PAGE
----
retail

Woodward & Lothrop Shelve Haggling For Good

Street scene, Woodward & Lothrop, 11th and F Streets, NW, Washington, D.C. (Source: Library of Congress)

In the 19th century, before chains like Macy’s and Sears-Roebuck, Washington, D.C. had Woodward & Lothrop. Known affectionately as “Woodies,” it was among the first department stores in the District, and remained the leading retailer in the city for nearly a century. It pioneered modern retailing from returns policies down to the department store choir, revolutionizing the way goods were sold and the culture of department stores.

Ballston Common: The Birth, Death, & Rebirth of the D.C. Area's First Major Shopping Mall

“To describe this shopping center in words is a bit difficult because of its extremely high efficiency in the use of every square foot.”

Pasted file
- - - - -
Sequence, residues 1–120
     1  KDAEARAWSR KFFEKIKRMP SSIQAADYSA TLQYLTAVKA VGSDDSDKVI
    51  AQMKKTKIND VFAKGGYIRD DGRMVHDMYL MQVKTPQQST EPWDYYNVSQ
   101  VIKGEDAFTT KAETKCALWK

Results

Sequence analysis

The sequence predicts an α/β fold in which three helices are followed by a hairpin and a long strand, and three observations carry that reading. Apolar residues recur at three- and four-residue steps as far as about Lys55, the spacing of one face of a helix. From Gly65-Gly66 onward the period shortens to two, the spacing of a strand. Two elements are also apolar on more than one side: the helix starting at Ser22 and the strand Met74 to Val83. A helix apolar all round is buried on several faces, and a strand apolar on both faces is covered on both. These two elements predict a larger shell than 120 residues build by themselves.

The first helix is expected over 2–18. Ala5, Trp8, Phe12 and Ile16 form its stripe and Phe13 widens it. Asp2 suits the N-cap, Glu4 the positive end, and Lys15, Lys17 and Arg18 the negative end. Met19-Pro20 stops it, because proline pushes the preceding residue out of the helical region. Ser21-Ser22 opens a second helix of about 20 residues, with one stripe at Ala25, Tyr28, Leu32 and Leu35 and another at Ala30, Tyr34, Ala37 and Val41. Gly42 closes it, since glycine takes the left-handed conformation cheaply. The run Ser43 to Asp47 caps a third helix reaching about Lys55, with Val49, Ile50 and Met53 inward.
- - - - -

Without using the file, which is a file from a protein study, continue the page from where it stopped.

While it may be hard today to imagine the shopping center at the intersection of Arlington’s Glebe Rd. and Wilson Blvd. as an exciting and advanced piece of architectural planning, it truly was at its opening in 1951.  At the time, it was the largest suburban retail space on the East Coast, and the first ever to be built around a parking garage (which also happened to be the largest parking garage in the United States). This sort of retail design was an absolute novelty, and an early hallmark of both the post-War evolution of the American suburb, as well as the DC area’s growing population. Its name, however, was a little on the nose: Parkington.